PowerShell itself cannot call Win32 APIs directly.  However, it can use the power of the .NET Framework to do this.  PowerShell can use .NET objects directly using the new-object cmdlet as show here.  However, to call Win32 APIs you have to write some C# code and either create a cmdlet or compile it on the fly from the script.  Since I did not want to have to compiled assemblies as part of this solution I chose the latter.  In PowerShell v1 this can be done with functions like Compile-Csharp found here.  (Note that in the upcoming v2 release there is an Add-Type cmdlet for this.)  Using PINVOKE (Platform Invoke) to call Win32 APIs in C# can be tricky so I’ve provided a few references in case you want to try this for other Windows APIs:

Using P/Invoke to Call Unmanaged APIs from Your Managed Classes

Calling Win32 DLLs in C# with P/Invoke

PInvoke.net

The attached script files implement two commands.  Set-TimeZone is for setting the current time zone.  Get-TimeZone to get the current time zone information and to list the information for all time zones defined in the Registry.  All five files in the attached Zip need to be in the same folder.  Run Set-TimeZone and Get-TimeZone with the –help switch for usage.

If you want to create similar scripts here are a few tips from what I learn doing this.  First, PowerShell v1 does not like it when you reference the C# classes, structures, etc. in the same script that compiles the code.  I originally had a single library script that contained the here-string with the C# code, the step to compile it and the functions that used it.  This worked fine on v2 but v1 gave me errors that it could not find the C# classes, structures, etc referenced in the functions.  So to get this to work on v1 I had to put the here-string in a separate script (TimeZoneCSharp.ps1) from the functions that use it (TimeZoneLib.ps1).  Then in Get-TimeZone and Set-TimeZone I dot sourced TimeZoneCSharp.ps1 and compiled the C# first, then dot sourced TimeZoneLib.ps1.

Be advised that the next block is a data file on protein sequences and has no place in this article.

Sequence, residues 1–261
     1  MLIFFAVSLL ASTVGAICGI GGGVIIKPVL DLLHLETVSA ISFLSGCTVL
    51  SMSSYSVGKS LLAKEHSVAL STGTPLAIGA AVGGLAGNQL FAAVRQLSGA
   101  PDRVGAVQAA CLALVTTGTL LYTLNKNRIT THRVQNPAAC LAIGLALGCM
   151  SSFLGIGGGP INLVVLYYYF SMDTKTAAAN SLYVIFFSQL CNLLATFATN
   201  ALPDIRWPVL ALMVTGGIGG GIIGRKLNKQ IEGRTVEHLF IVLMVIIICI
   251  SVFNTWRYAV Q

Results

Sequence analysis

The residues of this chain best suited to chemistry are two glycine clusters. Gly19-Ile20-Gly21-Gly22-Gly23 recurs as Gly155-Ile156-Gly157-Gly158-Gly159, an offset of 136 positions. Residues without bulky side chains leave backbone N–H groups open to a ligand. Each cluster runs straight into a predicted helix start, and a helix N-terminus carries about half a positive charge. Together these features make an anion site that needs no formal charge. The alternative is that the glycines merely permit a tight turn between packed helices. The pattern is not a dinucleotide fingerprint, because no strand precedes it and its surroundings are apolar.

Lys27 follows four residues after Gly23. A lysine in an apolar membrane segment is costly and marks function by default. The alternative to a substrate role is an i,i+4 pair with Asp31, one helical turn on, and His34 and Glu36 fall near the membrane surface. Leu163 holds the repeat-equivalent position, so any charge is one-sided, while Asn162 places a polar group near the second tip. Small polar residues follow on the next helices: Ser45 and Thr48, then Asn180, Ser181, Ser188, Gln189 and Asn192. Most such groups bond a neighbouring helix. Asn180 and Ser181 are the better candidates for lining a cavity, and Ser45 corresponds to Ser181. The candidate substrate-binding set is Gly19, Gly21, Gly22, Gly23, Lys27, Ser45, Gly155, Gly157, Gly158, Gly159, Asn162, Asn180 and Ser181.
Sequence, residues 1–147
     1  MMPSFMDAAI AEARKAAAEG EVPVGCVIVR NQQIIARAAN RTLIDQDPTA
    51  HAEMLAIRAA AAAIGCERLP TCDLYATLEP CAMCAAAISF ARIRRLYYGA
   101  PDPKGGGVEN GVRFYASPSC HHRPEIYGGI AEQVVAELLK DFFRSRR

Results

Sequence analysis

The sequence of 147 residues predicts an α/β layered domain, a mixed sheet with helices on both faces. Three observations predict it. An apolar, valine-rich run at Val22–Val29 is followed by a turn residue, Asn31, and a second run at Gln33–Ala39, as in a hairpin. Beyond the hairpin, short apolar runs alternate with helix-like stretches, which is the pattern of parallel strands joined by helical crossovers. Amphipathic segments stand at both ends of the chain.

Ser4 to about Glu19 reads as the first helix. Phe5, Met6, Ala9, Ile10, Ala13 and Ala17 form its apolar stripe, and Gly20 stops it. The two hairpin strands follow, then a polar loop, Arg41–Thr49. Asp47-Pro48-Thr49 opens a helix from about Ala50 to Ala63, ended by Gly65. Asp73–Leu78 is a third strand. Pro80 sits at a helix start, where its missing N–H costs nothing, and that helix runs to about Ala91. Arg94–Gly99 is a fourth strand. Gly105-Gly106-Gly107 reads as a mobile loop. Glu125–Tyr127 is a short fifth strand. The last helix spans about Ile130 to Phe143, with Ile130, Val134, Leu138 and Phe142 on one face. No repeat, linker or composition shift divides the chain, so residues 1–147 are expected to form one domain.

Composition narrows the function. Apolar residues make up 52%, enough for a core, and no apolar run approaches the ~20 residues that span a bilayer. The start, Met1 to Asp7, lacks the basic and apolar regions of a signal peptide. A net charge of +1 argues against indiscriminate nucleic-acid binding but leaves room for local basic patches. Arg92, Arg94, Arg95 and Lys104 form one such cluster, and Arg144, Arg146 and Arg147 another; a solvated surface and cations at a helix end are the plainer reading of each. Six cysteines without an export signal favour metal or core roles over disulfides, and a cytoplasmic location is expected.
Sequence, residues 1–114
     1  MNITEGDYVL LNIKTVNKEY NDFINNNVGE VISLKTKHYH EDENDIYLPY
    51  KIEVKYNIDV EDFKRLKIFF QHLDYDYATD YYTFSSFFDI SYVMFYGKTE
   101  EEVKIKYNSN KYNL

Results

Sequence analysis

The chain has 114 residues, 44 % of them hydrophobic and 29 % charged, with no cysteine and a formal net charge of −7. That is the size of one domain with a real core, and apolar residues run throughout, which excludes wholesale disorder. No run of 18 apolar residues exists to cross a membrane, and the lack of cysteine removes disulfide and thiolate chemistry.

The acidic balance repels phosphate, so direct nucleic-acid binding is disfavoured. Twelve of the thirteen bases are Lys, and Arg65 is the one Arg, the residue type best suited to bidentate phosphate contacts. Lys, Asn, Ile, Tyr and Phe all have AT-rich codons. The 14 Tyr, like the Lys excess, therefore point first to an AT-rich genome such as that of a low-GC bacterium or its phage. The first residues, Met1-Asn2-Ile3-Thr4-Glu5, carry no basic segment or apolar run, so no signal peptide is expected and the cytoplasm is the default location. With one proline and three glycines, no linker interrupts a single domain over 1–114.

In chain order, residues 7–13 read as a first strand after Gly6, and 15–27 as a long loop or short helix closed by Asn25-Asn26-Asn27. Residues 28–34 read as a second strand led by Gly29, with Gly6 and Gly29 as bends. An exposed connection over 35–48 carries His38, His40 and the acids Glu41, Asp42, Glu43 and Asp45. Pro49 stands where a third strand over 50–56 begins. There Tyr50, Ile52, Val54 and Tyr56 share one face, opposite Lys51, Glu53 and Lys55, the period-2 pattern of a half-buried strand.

Second, if you use the Compile-Csharp function found here you need to comment out the $cpar.OutputAssembly = "custom" line.  This line is not needed since we only want to compile the code in memory.  Also, this line causes the compiler to try to write out an assembly in the Windows\System32 folder.  This makes the script fail when run as as standard user.

Note that Windows 7 now includes a command line utility to set the time zone and get time zone information – tzutil.exe.

Disclaimer: The information on this site is provided "AS IS" with no warranties, confers no rights, and is not supported by the authors or Microsoft Corporation. Use of included script samples are subject to the terms specified in the Terms of Use.

This post was contributed by Michael Murgolo, a Senior Consultant with Microsoft Services - U.S. East Region.

Attachment: PSTimeZoneScripts.zip
  • @Chris.. nice code, works great on both Server 2003 and 2008.

  • Introduction I strongly believe that in most application we are building, we would need to store date

  • Nice blog to show how to do simple things in a complex way! :-)

  • In order for this to execute successfully on my Windows 7 x64 with PS 3.0, I needed to make this modification:

        In PSTimeZoneScripts\TimeZoneLib.ps1 replace "-mi 0" with "-min 0"